Review: The Perks of Being a Wallflower

The Perks of Being a Wallflower
The Perks of Being a Wallflower by Stephen Chbosky
My rating: 3 of 5 stars

This book, about a freshman in high school in 1991 who pines for a pretty senior while discovering drugs, music, and literature, hit so close to home, most of the time it reads like a happier revision of my own life (I was a freshman in 1992 and briefly dated a few juniors, so … close!). I even read most of the same books, including The Fountainhead, and had conversations with adults about them very similar to what Charlie has here. What really drew me into the story, however, was the earnest sweetness of the main character; kinda wish I’d been more like him at the time. Oh well!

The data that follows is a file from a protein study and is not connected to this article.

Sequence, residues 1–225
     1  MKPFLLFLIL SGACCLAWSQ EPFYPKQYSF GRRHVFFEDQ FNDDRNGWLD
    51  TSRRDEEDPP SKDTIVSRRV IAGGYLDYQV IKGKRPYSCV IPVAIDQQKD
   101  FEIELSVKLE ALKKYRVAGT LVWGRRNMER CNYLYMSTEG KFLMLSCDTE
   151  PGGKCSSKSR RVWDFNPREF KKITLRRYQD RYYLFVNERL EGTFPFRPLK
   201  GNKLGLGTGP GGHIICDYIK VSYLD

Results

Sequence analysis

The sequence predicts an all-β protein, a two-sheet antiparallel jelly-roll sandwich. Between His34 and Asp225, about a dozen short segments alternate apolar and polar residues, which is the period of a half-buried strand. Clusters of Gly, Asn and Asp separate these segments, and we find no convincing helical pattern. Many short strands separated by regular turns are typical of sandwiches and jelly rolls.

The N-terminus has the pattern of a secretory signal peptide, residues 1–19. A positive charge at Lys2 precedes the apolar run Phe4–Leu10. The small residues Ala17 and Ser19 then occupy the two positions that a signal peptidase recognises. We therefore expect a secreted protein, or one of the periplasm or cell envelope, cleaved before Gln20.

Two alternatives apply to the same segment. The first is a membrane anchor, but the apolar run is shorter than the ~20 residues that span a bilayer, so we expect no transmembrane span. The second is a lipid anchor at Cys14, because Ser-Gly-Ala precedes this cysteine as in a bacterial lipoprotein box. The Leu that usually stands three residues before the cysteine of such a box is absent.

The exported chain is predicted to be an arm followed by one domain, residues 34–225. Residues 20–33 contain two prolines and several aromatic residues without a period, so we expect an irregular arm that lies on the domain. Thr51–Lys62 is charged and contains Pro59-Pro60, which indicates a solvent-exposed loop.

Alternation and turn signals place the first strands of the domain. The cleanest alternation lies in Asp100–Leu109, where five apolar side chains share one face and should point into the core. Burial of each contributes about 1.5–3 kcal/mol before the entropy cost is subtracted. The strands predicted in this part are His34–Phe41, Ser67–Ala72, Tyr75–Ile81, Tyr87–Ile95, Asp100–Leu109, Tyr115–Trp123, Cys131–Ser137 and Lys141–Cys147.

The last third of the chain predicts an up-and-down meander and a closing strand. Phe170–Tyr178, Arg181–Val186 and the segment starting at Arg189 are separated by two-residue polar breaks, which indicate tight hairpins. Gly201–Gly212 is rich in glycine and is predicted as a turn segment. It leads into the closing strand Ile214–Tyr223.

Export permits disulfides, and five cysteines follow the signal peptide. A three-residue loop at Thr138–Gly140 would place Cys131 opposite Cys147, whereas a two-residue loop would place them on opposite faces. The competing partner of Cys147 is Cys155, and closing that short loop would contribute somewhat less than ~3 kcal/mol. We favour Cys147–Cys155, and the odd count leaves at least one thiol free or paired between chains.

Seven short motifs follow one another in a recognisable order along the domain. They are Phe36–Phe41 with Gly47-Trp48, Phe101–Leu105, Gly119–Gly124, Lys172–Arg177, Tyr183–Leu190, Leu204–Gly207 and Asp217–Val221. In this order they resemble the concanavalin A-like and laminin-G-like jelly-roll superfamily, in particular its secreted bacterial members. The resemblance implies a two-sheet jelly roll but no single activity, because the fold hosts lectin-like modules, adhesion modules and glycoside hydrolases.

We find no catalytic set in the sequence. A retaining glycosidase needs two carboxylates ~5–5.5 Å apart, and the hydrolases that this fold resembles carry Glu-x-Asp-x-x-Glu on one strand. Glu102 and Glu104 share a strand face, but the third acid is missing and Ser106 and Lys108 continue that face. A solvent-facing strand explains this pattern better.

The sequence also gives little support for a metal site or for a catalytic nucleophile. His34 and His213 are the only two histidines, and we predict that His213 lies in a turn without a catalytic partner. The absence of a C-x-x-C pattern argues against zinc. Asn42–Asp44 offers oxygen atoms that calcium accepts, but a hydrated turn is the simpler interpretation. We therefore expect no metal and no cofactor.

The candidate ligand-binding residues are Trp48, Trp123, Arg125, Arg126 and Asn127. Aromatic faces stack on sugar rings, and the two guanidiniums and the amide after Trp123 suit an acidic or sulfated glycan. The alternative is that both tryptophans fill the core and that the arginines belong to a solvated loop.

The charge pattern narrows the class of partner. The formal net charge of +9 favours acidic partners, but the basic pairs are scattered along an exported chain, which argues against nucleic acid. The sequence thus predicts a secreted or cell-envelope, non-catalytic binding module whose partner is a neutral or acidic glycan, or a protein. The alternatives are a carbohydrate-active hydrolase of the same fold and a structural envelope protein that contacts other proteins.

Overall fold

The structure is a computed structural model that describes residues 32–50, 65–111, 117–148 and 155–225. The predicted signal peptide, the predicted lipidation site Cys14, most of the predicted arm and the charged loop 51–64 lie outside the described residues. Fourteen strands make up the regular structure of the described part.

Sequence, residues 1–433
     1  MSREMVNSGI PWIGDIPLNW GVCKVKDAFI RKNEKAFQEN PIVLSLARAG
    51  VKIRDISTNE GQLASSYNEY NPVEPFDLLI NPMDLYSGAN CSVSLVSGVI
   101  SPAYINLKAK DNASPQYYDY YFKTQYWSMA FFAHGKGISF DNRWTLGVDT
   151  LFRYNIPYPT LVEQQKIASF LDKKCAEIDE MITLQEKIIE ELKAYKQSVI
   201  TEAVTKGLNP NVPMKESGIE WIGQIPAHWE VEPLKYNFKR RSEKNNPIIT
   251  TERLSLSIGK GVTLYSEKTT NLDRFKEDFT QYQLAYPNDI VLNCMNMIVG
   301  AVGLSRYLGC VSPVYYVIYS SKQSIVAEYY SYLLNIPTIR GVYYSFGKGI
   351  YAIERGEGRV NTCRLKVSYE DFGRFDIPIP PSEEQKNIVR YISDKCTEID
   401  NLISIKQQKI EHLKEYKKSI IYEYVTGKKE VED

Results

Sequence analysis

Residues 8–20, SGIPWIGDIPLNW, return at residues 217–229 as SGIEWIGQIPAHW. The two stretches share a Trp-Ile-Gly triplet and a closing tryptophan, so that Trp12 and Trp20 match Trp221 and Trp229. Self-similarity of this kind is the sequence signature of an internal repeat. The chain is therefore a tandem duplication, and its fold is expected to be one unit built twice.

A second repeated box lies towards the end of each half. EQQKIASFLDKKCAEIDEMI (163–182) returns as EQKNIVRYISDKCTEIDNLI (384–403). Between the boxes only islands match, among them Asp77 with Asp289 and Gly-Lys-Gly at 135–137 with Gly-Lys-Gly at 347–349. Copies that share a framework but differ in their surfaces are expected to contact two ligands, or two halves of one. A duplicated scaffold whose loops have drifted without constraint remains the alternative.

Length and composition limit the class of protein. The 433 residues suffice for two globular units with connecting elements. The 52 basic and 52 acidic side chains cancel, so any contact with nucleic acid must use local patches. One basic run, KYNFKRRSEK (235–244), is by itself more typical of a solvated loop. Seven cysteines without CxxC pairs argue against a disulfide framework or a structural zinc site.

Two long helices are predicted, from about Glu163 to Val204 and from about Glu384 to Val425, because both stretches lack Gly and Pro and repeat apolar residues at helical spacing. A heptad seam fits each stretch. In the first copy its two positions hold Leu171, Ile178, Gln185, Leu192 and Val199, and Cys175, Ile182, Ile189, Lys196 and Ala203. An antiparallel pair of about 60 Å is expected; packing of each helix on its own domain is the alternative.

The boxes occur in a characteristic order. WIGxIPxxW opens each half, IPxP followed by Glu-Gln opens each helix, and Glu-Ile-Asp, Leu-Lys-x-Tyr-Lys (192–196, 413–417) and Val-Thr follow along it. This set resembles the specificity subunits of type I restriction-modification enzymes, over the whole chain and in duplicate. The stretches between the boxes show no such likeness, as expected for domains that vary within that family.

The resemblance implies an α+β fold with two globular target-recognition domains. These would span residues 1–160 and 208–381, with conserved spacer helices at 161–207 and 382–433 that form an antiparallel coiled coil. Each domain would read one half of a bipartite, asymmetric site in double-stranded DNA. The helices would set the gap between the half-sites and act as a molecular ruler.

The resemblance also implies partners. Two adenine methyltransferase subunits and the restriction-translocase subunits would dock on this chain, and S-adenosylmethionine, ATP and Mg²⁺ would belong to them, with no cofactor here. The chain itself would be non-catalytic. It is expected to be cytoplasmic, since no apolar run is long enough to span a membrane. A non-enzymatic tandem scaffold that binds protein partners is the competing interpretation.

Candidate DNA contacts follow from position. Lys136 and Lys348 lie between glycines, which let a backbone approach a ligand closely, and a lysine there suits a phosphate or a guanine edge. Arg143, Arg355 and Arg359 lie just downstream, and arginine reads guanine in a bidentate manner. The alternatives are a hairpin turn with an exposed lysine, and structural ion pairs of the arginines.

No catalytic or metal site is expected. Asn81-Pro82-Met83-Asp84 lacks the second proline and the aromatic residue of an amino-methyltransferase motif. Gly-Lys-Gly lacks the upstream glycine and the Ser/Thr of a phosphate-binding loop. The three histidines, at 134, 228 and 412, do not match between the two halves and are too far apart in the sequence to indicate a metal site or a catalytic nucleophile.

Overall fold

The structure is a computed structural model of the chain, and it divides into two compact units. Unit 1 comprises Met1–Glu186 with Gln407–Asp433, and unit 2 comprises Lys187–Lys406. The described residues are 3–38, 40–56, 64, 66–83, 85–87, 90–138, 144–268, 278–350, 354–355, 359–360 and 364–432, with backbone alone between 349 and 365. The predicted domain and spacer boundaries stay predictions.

Anyway, the story itself can seem a bit like a salad of After School Special topics (domestic violence, child molestation, date rape, drug and alcohol abuse, homophobia — the list goes on and on!), written in a decent imitation of J. D. Salinger (although Charlie’s so much less of a dick than Holden), and while I appreciate the craft of writing a young voice, the bland rhythm of a young voice can get tedious after a while. It also detracts that every single beat of some subplots are predictable (the gay romance subplot, for example, holds few surprises). There are a lot of good-natured observations about life here, but they’re all a little bit obvious for this reader. Even so, I have to admit that it was a pleasure to read something so refreshingly well-meaning and good-natured, after all the other tortured stuff I’m usually reading.

Something so gallantly irony-free could only be set in the early 90s, and it made me miss those days a little bit. I just wish it had dug a little deeper and tried to get a little bit more out of the shadow of The Catcher in the Rye.

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